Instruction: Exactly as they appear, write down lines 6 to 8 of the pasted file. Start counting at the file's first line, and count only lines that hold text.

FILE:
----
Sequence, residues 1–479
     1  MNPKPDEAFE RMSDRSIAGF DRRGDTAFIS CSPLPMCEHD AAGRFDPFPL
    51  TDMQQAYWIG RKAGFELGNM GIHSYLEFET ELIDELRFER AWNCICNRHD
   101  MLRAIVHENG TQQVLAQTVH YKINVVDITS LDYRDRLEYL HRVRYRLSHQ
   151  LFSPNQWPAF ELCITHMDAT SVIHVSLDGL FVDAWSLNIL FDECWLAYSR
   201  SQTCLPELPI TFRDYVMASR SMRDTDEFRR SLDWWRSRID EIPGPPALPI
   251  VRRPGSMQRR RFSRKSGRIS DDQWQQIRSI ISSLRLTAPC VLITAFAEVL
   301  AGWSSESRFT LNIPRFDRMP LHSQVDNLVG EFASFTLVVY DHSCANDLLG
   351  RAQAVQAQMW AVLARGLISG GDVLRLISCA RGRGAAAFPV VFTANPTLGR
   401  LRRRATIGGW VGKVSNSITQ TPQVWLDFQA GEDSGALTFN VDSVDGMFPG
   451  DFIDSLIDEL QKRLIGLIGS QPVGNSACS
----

   201  SQTCLPELPI TFRDYVMASR SMRDTDEFRR SLDWWRSRID EIPGPPALPI
   251  VRRPGSMQRR RFSRKSGRIS DDQWQQIRSI ISSLRLTAPC VLITAFAEVL
   301  AGWSSESRFT LNIPRFDRMP LHSQVDNLVG EFASFTLVVY DHSCANDLLG